The company has grown in the past by acquisition, acquiring Birds Eye Frozen Foods and Armour canned meats. Its targets are usually unloved underperformers which it then gives a makeover and some marketing support.

Feisty and growing

That model is identical to B&G Foods, a better stock in my opinion, with a 3.80% yield and a five star CAPS rating. It has built an impressive roster of brands, just on May 7 acquiring True North nut snacks from DeMet's for an undisclosed sum. Other brands you likely have in your pantry are their Ortega tacos and salsas or some of its other 30 brands like Polaner spreads and Cream of Wheat.

It's beginning to extend into personal care having acquired Culver Specialty brands (hair and body care) from Unilever and so will have another big cap rival, Procter & Gamble, besides other big cap food conglomerates like Mondelez International, J.M. Smucker, and PepsiCo for its food division.

Their model, like Pinnacle Foods, is to take downtrodden food companies, under $100 million, and spiff them up and promote them heavily. Case in point is Cream of Wheat which they bought and added Cinnabon and chocolate varieties and promoted with coupons and social media. Also, brands they acquire are shelf-stable (an advantage over Pinnacle Foods) and expected to be immediately accretive or no sale.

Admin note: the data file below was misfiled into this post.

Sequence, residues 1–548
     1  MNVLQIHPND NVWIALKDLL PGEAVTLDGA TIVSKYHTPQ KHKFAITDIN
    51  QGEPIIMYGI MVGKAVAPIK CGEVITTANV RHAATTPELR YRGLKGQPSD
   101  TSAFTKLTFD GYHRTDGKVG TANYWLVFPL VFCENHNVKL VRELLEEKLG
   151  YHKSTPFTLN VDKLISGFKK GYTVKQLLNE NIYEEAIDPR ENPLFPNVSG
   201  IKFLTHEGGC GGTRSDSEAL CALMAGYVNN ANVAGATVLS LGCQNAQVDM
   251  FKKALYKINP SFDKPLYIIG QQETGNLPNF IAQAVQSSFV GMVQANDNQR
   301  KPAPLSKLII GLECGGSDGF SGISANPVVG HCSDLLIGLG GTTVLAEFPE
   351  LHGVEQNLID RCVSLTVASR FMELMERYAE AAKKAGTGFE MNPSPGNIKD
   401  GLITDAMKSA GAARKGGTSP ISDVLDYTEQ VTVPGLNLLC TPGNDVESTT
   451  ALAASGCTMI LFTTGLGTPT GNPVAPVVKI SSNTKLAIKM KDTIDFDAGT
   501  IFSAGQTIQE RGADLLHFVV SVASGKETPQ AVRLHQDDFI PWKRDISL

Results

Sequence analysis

The Parsippany, NJ company, suffered from last fall's Hurricane Sandy sending Q4 sales volume down by half as some of its biggest markets are in New York and New Jersey. The headquarters itself was without power for nine days but still reported full year 2012 net sales of $633.8 million.

This feisty little company has less than 1,000 employees and is committed to keeping costs down having saved $15 million in 2011-12. Commodity costs are hedged through July. B&G Foods reported Q1 results on April 18 of an increase of 8.8% in net sales at $171.2 million and 17% in net income. EBITDA increased 7% to $45.7 million. The company increased full year EBITDA guidance to $180-184 million.

Since 2009 the company has raised its quarterly dividend from $0.17 per share to $0.29 per share and CEO David Wenner has publicly affirmed the company's commitment to raise the yield on a regular basis. Corporate governance risk rating is a low (very good) 2. This is just a solid business with a lean workforce, smart acquisition strategy, and shareholder-friendly.